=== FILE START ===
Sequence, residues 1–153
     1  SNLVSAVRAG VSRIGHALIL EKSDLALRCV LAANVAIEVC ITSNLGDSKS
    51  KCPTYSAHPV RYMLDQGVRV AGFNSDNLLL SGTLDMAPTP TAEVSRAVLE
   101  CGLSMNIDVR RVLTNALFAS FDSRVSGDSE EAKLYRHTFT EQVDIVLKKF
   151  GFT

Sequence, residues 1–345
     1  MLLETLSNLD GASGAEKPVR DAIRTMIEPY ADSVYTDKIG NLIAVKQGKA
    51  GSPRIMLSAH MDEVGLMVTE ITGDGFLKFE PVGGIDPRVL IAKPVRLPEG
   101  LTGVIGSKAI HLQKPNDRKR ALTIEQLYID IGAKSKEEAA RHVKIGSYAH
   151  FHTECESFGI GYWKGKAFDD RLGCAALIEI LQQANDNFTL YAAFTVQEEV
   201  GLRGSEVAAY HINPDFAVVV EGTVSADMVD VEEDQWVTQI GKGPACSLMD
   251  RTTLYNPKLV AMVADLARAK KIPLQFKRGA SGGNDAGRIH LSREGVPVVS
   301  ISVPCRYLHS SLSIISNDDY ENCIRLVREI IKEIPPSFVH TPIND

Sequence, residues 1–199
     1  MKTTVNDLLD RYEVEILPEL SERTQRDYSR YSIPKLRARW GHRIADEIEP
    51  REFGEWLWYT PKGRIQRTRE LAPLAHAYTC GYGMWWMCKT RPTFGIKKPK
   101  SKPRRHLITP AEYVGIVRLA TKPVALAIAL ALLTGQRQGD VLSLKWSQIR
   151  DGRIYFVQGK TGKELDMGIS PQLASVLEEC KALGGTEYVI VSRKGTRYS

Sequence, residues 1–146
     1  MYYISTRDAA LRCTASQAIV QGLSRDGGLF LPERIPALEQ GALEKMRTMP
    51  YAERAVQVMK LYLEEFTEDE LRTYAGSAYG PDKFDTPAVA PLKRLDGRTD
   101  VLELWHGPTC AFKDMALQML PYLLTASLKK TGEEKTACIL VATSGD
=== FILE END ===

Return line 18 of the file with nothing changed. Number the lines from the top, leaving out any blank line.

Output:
   151  DGRIYFVQGK TGKELDMGIS PQLASVLEEC KALGGTEYVI VSRKGTRYS